This article by Professor Jorge Sá was recently published on the blind-referee Review of Economics and Finance (UK).
Professor Jorge Sá is a senior research fellow at Peter F. Drucker and Masatoshi-Ito Graduate School of Management in Los Angeles, a Professor at ISG Business School, a Peter Drucker expert and a speaker on Peter Drucker.
Read the full article below:
BREXIT AS AN OPPORTUNITY FOR BUSINESS
Authors: Jorge Sá; Natália Teixeira; Márcia Serra
This paper analyses Brexit as an opportunity at the micro and niche level, and not in a macro level. The
opportunities are twofold: substitution of UK exports to Europe; and shifting of a country (or company) export to the UK into other destinations. The methodology used to assess the opportunities created by Brexit evaluates the results from different perspectives based on the case study of Finland (analysis in absolute terms), the Netherlands (analysis in relative terms), and the case of the Irish company Green Isle Foods (both types of opportunities).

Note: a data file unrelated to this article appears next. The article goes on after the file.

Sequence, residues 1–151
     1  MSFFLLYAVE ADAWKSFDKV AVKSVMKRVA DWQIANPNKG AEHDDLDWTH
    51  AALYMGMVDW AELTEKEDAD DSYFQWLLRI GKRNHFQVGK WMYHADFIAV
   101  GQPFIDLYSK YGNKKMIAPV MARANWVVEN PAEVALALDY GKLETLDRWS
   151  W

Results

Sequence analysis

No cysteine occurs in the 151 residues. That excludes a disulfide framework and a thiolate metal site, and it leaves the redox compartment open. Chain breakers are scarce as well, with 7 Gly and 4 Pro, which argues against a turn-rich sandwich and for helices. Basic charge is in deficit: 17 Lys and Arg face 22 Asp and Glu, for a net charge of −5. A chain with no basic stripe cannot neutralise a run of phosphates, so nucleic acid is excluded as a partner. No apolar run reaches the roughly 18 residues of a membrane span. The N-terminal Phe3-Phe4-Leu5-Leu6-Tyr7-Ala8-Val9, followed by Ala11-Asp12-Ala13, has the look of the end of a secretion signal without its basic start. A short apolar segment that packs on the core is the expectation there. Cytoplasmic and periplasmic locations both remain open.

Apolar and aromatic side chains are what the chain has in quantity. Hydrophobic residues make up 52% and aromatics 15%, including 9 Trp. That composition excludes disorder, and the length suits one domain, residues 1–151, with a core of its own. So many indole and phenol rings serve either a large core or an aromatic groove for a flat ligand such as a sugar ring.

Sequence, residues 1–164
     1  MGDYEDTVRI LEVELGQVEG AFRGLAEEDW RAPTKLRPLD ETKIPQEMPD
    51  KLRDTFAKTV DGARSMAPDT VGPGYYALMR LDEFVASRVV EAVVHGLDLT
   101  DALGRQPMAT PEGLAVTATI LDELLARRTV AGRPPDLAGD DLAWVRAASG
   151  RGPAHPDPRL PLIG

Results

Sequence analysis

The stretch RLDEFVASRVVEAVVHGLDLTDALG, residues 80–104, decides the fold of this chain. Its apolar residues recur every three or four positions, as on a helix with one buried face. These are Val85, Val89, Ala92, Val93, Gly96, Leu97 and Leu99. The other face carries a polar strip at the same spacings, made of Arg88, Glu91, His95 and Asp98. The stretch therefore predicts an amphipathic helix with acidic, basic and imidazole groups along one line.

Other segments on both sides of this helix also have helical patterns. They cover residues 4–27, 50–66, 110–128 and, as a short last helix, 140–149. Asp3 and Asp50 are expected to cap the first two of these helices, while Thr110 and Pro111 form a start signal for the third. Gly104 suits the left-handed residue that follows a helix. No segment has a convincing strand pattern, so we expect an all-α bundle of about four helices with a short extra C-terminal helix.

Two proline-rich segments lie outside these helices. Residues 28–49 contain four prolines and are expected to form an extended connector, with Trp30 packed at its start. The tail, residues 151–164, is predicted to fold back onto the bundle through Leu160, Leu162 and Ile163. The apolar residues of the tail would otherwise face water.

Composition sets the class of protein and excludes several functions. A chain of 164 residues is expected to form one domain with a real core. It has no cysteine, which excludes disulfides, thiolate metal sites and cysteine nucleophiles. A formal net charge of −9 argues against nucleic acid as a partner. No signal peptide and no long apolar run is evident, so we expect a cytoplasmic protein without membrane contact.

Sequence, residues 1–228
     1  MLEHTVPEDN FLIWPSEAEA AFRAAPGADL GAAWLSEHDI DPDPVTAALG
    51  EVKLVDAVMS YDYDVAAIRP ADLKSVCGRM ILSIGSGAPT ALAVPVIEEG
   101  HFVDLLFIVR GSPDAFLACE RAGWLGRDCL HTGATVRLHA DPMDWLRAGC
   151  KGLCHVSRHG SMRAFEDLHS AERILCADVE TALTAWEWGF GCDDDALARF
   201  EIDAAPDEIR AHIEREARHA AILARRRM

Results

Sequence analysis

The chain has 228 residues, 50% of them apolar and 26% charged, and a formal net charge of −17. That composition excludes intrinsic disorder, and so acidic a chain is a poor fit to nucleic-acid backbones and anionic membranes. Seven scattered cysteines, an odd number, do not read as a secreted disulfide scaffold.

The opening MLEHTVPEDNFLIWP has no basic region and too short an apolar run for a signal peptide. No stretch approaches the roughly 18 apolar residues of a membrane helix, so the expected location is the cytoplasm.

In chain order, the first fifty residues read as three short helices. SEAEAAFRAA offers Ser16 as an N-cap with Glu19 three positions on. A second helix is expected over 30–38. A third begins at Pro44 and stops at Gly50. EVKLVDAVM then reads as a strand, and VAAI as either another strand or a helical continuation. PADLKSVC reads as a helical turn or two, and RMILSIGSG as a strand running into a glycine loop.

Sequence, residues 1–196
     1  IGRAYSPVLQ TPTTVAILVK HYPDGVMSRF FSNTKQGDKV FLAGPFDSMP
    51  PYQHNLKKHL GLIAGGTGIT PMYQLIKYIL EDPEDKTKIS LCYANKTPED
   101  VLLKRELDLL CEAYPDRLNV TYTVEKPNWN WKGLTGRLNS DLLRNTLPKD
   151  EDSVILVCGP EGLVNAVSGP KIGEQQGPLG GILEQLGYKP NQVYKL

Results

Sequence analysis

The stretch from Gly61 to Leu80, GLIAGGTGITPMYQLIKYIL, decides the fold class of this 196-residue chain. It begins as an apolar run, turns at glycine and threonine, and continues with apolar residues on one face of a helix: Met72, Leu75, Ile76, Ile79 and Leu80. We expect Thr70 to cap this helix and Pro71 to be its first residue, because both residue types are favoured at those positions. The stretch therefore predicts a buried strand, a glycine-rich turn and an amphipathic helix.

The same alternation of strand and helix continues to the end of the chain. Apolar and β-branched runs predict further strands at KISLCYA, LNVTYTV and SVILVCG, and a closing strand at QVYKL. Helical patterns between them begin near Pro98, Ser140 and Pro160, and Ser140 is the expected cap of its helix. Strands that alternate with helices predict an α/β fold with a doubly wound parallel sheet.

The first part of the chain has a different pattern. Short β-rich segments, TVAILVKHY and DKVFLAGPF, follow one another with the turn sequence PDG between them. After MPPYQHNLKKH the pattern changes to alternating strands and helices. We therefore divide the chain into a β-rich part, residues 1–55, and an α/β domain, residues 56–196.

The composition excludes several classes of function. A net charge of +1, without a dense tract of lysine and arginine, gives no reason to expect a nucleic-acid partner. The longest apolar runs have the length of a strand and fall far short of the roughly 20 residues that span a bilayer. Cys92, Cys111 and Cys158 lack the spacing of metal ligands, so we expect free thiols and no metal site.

1. The impact of the Brexit agreement
Many articles analyse Brexit as a risk [(MacRae et al., 2021); (Graziano et al., 2021); (Tien et al., 2019); (Tien et al., 20192); (Hassan et al., 2020)] and at the macro level [(Portes, 2022); (Hobolt et al., 2022); (Pandzic, 2021); (Belke & Gros, 2017); (Johnson & Mitchell, 2017); (McGrattan & Waddle, 2020); (Topliceanu & Sorcaru, 2019)]. However, little analysis has been done at the micro or niche level.
According to Crowley et al. (2018), a renegotiation of a trade agreement creates uncertainty into the country’s economic environment. Several papers assess the impact of post-Brexit free movement restrictions in both the short and long term, making estimates that point to a negative impact on UK GDP per capita and marginal positive impacts on low-skilled wages [(Dhingra et al., 2016); (Portes & Forte, 2017); (Tetlow & Stojanovic, 2018)]. The exception is a study prepared by Economists for Free Trade which concludes that the UK economy will receive a significant boost from Brexit (Tetlow & Stojanovic, 2018).